Welcome to my presentation on blogs and blogging. This is meant to be an overview of the development of weblogs and an introduction to the ways you might use a weblog. I welcome your comments and suggestions - send me a message. Blogs are frequently updated web pages on which authors post short comments about news items, interesting websites, their thoughts and more. Blogs are part of a nanopublishing revolution that allows individuals to express themselves to the world. Blogs are easy to create, easy to maintain and fun to read.
In the early days of the Internet, each new page was a cause for celebration. The early pioneers watched in excitement as the network grew, and they wanted to keep people informed about this growth. In 1992, Internet pioneer Tim Berners-Lee created the first What’s New page; later, another pioneer, Marc Andreesen, put up a similar page. Each had hotlinks to the new pages springing up on the Net.
As the Internet grew and the World Wide Web came about, other programmers created hand-coded pages with their recommendations for surfing the Net – they “filtered” the Net. Justin Hall started his filter log in 1994. In 1998, Jorn Barger coined the term “weblog.”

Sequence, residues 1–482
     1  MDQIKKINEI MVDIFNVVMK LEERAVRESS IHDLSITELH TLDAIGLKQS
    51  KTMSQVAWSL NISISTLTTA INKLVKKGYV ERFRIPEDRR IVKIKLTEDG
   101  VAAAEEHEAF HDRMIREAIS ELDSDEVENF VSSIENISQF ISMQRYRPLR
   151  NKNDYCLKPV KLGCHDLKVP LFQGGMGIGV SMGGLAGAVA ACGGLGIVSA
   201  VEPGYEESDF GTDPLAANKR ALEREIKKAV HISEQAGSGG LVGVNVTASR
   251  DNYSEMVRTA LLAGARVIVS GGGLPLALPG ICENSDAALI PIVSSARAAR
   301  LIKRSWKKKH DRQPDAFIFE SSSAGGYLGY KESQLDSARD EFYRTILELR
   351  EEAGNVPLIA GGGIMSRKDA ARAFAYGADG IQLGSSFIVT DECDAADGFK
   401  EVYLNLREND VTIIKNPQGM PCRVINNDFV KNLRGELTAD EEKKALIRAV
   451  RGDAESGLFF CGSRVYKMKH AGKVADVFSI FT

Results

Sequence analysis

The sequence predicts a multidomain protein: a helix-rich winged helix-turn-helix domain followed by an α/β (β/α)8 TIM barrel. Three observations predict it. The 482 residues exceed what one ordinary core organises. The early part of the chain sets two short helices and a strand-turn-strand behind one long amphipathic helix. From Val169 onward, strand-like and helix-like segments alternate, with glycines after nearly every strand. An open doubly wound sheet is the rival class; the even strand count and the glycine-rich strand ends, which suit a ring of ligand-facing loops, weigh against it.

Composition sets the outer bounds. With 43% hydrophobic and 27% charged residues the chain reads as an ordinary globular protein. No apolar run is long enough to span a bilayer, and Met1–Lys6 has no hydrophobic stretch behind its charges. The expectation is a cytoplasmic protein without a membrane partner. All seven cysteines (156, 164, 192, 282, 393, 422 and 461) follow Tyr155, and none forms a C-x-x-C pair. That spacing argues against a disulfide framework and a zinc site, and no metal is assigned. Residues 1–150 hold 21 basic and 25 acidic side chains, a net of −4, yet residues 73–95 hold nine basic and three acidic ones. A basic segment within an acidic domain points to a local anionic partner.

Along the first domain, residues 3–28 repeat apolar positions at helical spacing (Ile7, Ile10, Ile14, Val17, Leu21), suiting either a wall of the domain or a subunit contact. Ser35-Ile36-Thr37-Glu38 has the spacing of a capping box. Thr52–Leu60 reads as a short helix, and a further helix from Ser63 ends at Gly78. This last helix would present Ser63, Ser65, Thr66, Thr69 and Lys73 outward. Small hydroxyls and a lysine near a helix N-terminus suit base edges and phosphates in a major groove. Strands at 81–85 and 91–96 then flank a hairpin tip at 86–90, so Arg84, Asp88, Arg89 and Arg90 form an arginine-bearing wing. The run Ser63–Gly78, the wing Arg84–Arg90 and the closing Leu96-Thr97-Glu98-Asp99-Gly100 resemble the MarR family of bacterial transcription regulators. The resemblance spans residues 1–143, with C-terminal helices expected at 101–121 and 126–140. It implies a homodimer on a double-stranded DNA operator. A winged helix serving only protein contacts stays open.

Soon, says weblogger and author Rebecca Blood, these “link-driven sites” were very popular, and webloggers became a community. Each weblog included a list of similar filter sites.
In 1999, websites Blogger and Pitas began to offer a simpler way to create a weblog. These hosted services allowed any person to easily sign up, create a blog, and write numerous postings. All without having to know HTML.
Since then, millions of weblogs have been created. The term is now pronounced web-log or we-blog, or shorted to blog. And these blogs evolved into personal diaries or journals. Many journal-blogs still do include a list of other similar sites. This is a called a blogroll.
Other blog software programs and services include LiveJournal, Movable Type, TypePad, TextPattern, Radio Userland and pMachine. Some of these programs are simple to use while others are more complicated to install. These programs include many powerful publishing tools, and are often called content management systems. The systems allow any individual to be a publisher on a global scale. This new type of publishing is called microcontent, thin media or nanopublishing.